The Fed was able to hike rates to an incredible 20% in the late 1970’s to eventually put the inflation genie back in the bottle by the late 1980’s. Whereas the Fed could hike rates substantially in the 1970’s, it cannot do so this time because of the unprecedented debt. The $30 trillion national debt, of which 70% is accumulative interest payments, is at 125% of GDP now. By the time Federal Reserve Chairman Paul Volcker raised the Fed Funds Rate to 20% in January of 1980, the U.S. national debt was $900 billion at only 34% of GDP.
The world’s largest central bank rising rates beyond just 150-175 bp this time around may risk a serious policy error, putting added pressure on an already weak stock market as well as the economy, which is the definition of stagflation.
After gold's sharp doubling in price from 2016 to 2020, the safe-haven metal has been in a prolonged pullback/consolidation phase to digest those out-sized gains. Gold's peak to trough correction ($2,089-$1,673) was 20%, a textbook correction down to its .382 Fibonacci retracement level, which has been tested three separate times.
Since the last test of $1675 in August of 2021, we have seen a series of higher lows and higher highs with crucial overhead resistance at the $1,900 region. In last week’s missive, I noted that we will need to see a monthly close above $1900 for technical confirmation of a bullish breakout of gold’s 18-month consolidation.
After gold volatility increased considerably mid-week, there remains some support at the $1880 level, with stronger support at the $1850 region being where the war premium began to be priced in. With volatility increasing, if the gold price continues to ride its sharply rising upper daily Bollinger Band higher into month-end next Monday, a solid close above $1900 would technically confirm a major gold bottom being in place.
Looking at the bigger picture, gold has created a significant 12-year cup and handle pattern, which would be completed once the $2100 level has been breached on a monthly closing basis. There are not too many examples of a multi-year cup and handle pattern in the major markets, and investors should understand how bullish this pattern can be when it occurs over a long period of time. The current cup and handle pattern in gold projects to a technically measured upside target of around $3,000.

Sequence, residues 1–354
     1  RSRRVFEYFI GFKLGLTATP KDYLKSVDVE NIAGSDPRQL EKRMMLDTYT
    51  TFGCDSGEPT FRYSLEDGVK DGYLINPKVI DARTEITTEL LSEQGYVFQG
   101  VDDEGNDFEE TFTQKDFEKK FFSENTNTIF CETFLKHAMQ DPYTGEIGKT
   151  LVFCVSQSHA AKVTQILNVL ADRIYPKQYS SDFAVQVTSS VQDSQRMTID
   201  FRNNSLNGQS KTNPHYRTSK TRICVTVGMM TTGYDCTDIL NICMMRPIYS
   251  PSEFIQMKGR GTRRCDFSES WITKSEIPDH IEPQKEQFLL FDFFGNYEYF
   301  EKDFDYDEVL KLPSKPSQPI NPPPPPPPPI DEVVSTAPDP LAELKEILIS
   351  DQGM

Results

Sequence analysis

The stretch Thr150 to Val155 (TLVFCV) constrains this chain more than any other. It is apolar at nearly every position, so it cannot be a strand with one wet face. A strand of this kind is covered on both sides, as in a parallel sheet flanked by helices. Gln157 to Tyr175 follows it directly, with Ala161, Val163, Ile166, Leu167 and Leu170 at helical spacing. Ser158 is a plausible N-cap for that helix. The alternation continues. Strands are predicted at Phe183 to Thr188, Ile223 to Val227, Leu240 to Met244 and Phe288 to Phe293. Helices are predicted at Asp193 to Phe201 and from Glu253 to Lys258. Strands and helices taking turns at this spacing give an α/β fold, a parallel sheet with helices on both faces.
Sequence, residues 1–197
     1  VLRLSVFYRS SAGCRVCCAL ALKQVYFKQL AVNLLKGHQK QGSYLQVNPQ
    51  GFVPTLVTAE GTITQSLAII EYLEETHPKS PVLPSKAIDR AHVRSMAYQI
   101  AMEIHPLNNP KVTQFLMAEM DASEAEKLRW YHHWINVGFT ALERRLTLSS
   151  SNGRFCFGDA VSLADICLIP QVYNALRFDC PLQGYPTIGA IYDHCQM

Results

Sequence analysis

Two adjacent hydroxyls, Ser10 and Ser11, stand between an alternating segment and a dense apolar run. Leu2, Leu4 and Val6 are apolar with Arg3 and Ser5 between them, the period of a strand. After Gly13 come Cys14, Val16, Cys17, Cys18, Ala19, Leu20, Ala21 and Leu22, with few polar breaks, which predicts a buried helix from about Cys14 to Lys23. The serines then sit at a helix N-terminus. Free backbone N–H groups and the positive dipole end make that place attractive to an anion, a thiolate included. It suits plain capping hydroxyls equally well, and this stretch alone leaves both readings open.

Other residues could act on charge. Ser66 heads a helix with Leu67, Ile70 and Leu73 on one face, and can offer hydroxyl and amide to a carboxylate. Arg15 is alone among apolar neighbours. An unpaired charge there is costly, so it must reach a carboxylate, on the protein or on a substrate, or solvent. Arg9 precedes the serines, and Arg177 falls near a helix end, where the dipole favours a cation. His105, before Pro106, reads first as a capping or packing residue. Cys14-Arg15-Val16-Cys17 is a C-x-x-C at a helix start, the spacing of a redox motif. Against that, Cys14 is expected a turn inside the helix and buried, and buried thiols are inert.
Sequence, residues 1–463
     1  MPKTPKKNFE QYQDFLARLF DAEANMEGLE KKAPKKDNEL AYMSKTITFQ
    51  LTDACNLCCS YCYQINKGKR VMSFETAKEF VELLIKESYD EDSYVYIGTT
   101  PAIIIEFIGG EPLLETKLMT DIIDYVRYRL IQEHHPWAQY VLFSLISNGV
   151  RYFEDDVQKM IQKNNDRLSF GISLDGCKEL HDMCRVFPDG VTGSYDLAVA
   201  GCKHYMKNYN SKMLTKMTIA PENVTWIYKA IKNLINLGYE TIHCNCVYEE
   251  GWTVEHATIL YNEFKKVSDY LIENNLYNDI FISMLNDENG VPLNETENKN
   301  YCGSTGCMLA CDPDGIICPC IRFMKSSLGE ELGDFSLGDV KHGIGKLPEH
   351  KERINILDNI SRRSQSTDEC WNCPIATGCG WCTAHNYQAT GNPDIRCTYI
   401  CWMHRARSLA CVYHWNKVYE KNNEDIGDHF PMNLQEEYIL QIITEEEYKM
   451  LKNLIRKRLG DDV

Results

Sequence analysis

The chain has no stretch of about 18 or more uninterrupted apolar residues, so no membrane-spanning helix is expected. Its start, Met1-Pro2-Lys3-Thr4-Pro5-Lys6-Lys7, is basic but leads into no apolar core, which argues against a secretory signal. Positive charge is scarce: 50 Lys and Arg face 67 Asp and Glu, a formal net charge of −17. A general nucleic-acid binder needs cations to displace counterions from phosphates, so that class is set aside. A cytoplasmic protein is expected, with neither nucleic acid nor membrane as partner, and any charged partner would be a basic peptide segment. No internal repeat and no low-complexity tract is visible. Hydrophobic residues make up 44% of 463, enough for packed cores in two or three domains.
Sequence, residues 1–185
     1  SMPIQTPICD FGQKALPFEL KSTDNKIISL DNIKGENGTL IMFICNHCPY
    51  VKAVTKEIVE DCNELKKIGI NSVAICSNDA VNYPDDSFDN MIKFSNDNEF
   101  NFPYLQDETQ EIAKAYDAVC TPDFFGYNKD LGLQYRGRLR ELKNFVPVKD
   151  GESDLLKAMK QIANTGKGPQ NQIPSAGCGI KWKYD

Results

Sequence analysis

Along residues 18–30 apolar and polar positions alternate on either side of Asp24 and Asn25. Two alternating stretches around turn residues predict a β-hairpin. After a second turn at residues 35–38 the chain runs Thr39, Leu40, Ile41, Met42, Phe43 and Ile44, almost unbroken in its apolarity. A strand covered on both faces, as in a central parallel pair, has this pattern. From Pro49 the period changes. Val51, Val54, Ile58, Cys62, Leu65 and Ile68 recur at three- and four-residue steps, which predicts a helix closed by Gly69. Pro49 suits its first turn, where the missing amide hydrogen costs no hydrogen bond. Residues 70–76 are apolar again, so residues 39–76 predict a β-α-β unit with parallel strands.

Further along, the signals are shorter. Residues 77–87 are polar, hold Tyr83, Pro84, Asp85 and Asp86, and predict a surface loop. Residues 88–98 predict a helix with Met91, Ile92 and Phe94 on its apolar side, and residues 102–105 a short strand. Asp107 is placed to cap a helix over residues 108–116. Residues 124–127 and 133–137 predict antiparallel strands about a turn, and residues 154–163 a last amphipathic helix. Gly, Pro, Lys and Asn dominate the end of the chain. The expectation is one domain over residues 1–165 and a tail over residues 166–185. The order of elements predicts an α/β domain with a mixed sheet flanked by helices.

Meanwhile, the precious metals mining complex continues to construct an accumulative bottom below the crucial resistance levels of $35 in GDX, and $47 in GDXJ. Historically, the start of Federal Reserve rate-hike cycles has marked significant bottoms in the gold price in 1999, 2004, and 2015.
Similar to the current situation in the gold complex, during the lead-in to a telegraphed rate-hike cycle by the Fed in late 2015, mining stocks began to bottom six months prior to the announced hike in mid-December. And once the tightening process began, the mining sector nearly tripled in just six months from a similarly depressed level and accumulation time-frame which has recently been taking place.
If past is prologue, six months from the low struck in GDX at the $28 level on the last day of September would take us into the first week of March. Once we see a weekly close above strong resistance at $35 in the global miner ETF, the odds would increase significantly of the mining sector having completed a major accumulative bottom.
Once we see a weekly close above $47 in the GDXJ with good volume as well, the odds increase substantially of a significant bottom being in place in the junior space. I also expect quality higher-risk juniors to begin outperforming the mining space once this level has been breached.